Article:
14

Consider the contour integral of $$ \frac{1}{z} \prod_{k=v}^{n} \frac{k^2}{k^2-z^2} $$ over a circle of large radius centered at $0$. Since the integrand is small as $|z|\to \infty$ the answer must go to zero as the radius goes to infinity. But inside the circle there are poles at $z=0$ and $z= \pm k$ for $k$ from $v$ to $n$. Computing the residues ...


14

Denote the sum of the digits of $n$ in base $b$ by $S(n)$. Then the number of carries when adding $k_1+k_2$ is $$\frac{1}{b-1}\big(S(k_1)+S(k_2)-S(k_1+k_2)\big).$$ This shows that the number of carries when successively adding $(((k_1+k_2)+k_3)+\cdots +k_r)$ is $$\frac{1}{b-1}\left(\sum_{i=1}^r S(k_i)-S\left(\sum_{i=1}^r k_i\right)\right),$$ and this last ...


13

The first formula is a special case of one of the standard hypergeometric series summation formulas called Kummer's theorem. (See, e.g., http://mathworld.wolfram.com/KummersTheorem.html or http://en.wikipedia.org/wiki/Hypergeometric_function#Kummer.27s_theorem.) The first formula may be written as $$\sum_{k=0}^n \binom{4n+1}{k} \binom{3n-k}{n-k} = 2^{2n} \...


13

The identity $$ \begin{align} \sum_{s=1}^{m}{2s\choose s}{s\choose m-s}\frac{(-1)^s }{s+1}H_{s}^{(2)}=\frac{2(-1)^m}{m+1}\sum_{s=1}^m H_{s}^{(2)}. \tag{1} \end{align} $$ is equivalent to the following identity $$ \sum_{s=1}^{m}{2s\choose s}\frac{H_s^{(2)}}{s+1}(x-x^2)^s=\frac{2\text{Li}_2(x)}{1-x}-\frac{\ln^2(1-x)}{x},\tag{2} $$ where $\text{Li}_2$ is ...


13

Let's re-index the sum on the LHS of the problem (for the below convenience) so that $$\frac1s\sum_{k=0}^{s-1}\binom{s+k-1}k(s-k)v^{s-k}(v-1)^k =\frac{v}s\sum_{k=0}^{s-1}\binom{2s}k(s-k)(v-1)^k.$$ Or, just pull out the $v$ factor (leaving behind $\frac1s$, again for convenience): $$\frac1s\sum_{k=0}^{s-1}\binom{s+k-1}k(s-k)v^{s-1-k}(v-1)^k =\frac1s\sum_{k=0}^...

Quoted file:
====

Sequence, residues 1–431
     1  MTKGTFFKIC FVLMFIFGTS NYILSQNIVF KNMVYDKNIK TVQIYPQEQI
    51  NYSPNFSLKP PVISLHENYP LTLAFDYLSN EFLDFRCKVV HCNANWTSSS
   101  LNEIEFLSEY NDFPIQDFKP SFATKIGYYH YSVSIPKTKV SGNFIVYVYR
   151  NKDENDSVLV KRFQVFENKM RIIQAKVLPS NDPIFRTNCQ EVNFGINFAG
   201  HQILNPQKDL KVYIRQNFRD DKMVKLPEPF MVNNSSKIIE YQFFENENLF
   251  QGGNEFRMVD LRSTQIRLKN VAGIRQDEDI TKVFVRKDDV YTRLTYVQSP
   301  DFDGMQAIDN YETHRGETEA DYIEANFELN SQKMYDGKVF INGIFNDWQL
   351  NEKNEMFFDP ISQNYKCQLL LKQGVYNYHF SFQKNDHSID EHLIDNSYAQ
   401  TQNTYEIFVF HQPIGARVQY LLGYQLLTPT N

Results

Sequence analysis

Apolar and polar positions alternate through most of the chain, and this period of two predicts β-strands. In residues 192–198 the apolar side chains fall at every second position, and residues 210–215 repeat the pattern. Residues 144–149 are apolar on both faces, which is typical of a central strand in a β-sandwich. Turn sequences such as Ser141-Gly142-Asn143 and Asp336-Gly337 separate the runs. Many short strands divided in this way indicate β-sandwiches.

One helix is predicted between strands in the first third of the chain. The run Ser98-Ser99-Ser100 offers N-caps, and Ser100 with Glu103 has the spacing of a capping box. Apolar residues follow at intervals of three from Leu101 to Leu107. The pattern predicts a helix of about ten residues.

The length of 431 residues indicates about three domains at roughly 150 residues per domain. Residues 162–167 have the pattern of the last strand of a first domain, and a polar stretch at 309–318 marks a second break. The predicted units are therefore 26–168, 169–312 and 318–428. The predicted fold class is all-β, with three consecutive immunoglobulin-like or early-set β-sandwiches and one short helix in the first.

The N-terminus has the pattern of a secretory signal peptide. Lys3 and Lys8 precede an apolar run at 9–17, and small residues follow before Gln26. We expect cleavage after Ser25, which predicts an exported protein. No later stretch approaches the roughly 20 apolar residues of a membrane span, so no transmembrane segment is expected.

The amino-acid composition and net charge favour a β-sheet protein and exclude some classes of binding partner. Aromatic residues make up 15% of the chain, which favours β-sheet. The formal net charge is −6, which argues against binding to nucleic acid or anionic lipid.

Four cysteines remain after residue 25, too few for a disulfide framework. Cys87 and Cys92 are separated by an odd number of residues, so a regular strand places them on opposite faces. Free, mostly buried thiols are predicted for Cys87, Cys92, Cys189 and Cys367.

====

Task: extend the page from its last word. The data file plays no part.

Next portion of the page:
13

For convenience set $m=n-2k$. Then \begin{equation} \begin{split} \binom{n-2k+j}{j,k-2j,n-3k+2j} &= \binom{m+j}{j,k-2j,m-k+2j} \\ &= \binom{m+j}{m} \binom{m}{k-2j} \\ &= [t^j](1-t)^{-(m+1)} \cdot [t^{k-2j}](1+t)^m \\ &= [t^{2j}](1-t^2)^{-(m+1)} \cdot [t^{k-2j}](1+t)^m \end{split} \end{equation} where $[t^a]p$ is the coefficient ...


13

By Cauchy–Bunyakovsky–Schwarz inequality we have $$ \left(\sum \prod_i \frac{\binom{a_i}{b_i}}{\binom{A-a_i}{B-b_i}}\right)\left(\sum\prod_i \binom{a_i}{b_i}\binom{A-a_i}{B-b_i}\right)\geqslant \left(\sum \prod_i\binom{a_i}{b_i}\right)^2=\binom{A}{B}^2 .$$ Thus it suffices to prove that $$ \sum\prod_i \binom{a_i}{b_i}\binom{A-a_i}{B-b_i}\leqslant \binom{A}...


12

Consider the generating series $$\sum_{s=0}^{\infty}\left(\sum_{i+j=s}\binom{A-n+j}{j}\binom{n-j}{i}\right)x^{s}.$$ This equals $$\sum_{j=0}^{\infty}\binom{A-n+j}{j}x^{j}\sum_{i=0}^{\infty}\binom{n-j}{i}x^{i}=(1+x)^{n}\sum_{j=0}^{\infty}\binom{A-n+j}{j}\left(\frac{x}{1+x}\right)^{j},$$ where we use the binomial theorem for the last equality. As $\sum_{k=0}^{...


12

First, what the Stirling bound or Stanica's result give is already a $(1+O(n^{-1}))$ approximation of $\binom nk$, hence the only problem can be with the sum. I don't know how to do that with such precision, but it's easy to compute it up to a constant factor by approximating with a geometric series: $$\sum_{i\le k}\binom ni=\begin{cases}\Theta(2^n)&k\...